The report from the US-based firm said asset inflows will expand by $18 trillion over the next decade, helping to push total assets under management to a record of more than $170 trillion.
Organic growth across the global asset management industry for
total net asset flows is expected to slow over the next
decade as competition heats up, a report says.
The study, from New York-based Broadridge Financial Solutions, says that the compound annual growth rate in asset flows will cool from 3.9 per cent over the last decade to 1.7 per cent from 2021 to 2031.
The predictions are made in a white paper entitled The New Competitive Calculus: Winning with Data-Driven Strategy..
Asset inflows will expand by $18 trillion over the next decade, helping to push total assets under management to a record of more than $170 trillion.
The report says that competition will be more fierce as growth slows. There are three increasingly distinct classes of industry competitors, two of which – expanding incumbents and innovative challengers – dominate the industry’s organic growth. Already, fewer than 100 asset management firms globally accounted for nearly 64 per cent of the industry’s $14.4 trillion-plus in net new flows gathered since 2016.
“Opportunities will be driven by different capabilities and clients – from institutions to individuals, and from the US and Europe towards Asia, especially China,” Ben Phillips, head of Asset Management Global Advisory Services, Broadridge, says in the report.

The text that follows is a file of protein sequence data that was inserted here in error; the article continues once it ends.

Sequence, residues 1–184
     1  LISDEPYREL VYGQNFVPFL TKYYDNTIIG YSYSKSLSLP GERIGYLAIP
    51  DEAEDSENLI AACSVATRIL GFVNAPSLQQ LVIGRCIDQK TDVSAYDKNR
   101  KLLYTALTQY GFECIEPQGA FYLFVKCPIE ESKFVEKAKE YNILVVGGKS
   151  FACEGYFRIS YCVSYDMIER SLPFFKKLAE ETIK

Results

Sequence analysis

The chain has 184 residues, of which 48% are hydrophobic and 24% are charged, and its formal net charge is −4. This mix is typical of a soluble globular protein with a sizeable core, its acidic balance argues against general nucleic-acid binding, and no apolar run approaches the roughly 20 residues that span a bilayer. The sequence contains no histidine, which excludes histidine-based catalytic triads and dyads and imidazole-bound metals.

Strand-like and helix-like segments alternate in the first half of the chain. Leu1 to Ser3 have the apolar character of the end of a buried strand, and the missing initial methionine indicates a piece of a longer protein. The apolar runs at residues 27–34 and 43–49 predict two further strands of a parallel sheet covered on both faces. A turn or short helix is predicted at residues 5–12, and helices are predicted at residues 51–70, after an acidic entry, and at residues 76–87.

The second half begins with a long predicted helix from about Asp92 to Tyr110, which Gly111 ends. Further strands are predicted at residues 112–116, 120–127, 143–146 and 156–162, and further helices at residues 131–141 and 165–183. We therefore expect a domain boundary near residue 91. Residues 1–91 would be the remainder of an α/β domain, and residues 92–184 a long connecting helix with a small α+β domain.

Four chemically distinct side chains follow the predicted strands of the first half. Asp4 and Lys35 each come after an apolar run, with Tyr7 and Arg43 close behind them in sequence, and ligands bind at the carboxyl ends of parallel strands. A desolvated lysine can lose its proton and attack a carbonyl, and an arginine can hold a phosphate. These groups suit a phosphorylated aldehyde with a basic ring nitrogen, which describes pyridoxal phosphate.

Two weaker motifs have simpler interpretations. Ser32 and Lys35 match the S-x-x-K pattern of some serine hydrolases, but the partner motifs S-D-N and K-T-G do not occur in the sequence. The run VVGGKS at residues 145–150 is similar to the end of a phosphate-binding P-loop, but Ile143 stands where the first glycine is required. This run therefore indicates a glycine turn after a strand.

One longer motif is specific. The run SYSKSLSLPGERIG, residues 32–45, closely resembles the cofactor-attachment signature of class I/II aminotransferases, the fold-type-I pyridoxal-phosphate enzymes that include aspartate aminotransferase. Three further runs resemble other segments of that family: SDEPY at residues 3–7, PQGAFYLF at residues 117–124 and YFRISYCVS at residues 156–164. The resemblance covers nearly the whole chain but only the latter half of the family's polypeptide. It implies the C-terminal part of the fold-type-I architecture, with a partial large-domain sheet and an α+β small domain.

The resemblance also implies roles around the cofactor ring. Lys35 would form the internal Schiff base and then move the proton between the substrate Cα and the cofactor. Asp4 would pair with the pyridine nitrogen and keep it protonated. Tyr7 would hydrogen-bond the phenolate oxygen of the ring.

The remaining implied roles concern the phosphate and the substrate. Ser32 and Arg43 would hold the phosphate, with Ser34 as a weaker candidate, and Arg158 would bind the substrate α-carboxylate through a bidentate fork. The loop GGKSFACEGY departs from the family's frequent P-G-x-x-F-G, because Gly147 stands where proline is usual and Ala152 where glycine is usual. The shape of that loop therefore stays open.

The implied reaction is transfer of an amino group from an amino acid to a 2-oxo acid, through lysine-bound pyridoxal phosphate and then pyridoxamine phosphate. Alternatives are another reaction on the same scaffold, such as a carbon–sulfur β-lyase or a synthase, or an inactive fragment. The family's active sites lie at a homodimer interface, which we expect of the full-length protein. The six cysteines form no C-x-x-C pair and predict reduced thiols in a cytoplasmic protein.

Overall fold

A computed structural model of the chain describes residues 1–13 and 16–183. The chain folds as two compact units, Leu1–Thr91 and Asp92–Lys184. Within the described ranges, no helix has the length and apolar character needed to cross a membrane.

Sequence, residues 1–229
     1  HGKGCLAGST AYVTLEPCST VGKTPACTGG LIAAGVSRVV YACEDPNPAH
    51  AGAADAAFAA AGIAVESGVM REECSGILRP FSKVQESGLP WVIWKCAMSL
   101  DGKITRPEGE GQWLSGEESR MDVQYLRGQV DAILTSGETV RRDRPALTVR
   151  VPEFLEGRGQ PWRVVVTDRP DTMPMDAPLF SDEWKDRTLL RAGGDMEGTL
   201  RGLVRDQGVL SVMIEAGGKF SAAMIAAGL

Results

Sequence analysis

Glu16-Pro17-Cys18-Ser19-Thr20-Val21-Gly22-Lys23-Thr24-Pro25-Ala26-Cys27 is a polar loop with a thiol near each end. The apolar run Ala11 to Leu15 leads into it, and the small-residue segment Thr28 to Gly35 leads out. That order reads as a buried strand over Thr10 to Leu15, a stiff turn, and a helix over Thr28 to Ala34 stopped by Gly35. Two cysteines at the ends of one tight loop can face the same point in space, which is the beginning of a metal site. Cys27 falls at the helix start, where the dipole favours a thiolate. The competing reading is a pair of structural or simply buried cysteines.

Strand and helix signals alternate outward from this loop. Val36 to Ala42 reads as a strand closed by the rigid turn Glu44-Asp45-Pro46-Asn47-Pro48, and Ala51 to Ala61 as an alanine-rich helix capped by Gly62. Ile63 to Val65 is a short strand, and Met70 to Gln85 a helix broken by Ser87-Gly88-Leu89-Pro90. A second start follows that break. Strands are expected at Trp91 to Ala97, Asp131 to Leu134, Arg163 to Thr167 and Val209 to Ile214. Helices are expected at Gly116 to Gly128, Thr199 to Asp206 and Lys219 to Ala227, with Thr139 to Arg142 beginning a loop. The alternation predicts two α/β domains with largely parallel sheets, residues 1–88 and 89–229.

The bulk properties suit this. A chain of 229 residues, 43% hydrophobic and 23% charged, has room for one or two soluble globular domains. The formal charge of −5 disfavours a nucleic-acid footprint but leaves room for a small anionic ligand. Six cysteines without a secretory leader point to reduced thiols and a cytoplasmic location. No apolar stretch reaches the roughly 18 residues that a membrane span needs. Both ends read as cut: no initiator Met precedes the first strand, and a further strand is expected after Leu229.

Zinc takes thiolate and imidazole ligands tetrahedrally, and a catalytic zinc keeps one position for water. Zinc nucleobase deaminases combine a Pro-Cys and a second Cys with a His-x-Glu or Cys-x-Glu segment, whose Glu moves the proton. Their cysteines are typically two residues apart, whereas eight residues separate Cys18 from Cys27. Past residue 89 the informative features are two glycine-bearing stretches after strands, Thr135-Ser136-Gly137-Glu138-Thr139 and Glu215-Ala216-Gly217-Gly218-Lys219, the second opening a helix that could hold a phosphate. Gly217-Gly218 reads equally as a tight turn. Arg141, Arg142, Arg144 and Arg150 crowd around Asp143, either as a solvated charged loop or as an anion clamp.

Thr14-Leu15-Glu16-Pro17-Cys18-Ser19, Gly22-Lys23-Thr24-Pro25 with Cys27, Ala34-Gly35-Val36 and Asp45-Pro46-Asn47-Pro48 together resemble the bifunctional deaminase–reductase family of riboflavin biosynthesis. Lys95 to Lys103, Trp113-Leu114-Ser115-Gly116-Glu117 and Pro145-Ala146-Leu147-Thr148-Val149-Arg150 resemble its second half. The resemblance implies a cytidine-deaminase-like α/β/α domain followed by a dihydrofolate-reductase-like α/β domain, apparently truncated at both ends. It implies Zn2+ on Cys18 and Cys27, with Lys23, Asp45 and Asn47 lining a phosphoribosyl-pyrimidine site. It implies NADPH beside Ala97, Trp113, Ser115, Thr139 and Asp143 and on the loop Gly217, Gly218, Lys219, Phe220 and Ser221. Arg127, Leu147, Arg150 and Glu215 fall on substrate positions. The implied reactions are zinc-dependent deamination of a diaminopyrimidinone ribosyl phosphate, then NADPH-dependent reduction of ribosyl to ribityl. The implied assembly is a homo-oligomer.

“While secular changes manifest in different ways, there are still primary drivers that asset managers need to look out for to maximise their growth. The reality is that these changes are creating unmet needs, all of which are opportunities to innovate and reposition themselves for growth.”
The study predicts that individual investors will be the source of 69 per cent of net flows in the coming decade significantly overtaking institutional investors, while private markets will shift from generating 16 per cent of net flows between 2011 and 2021 to 32 per cent of net flows between 2021 and 2031.
In terms of regions, the report sees net investment flows shifting from the US and Europe towards Asia-Pacific, especially China. Asia-Pacific will account for 42 per cent of net flows between 2022 and 2031, from just 26 per cent between 2012 and 2021.
As individual investors seek to use their portfolios to address a wider array of financial and non-financial objectives, thematic investing is expected to rise. One example is the momentum in ESG and impact-oriented investing, which will account for 27 per cent of net flows during the next decade.
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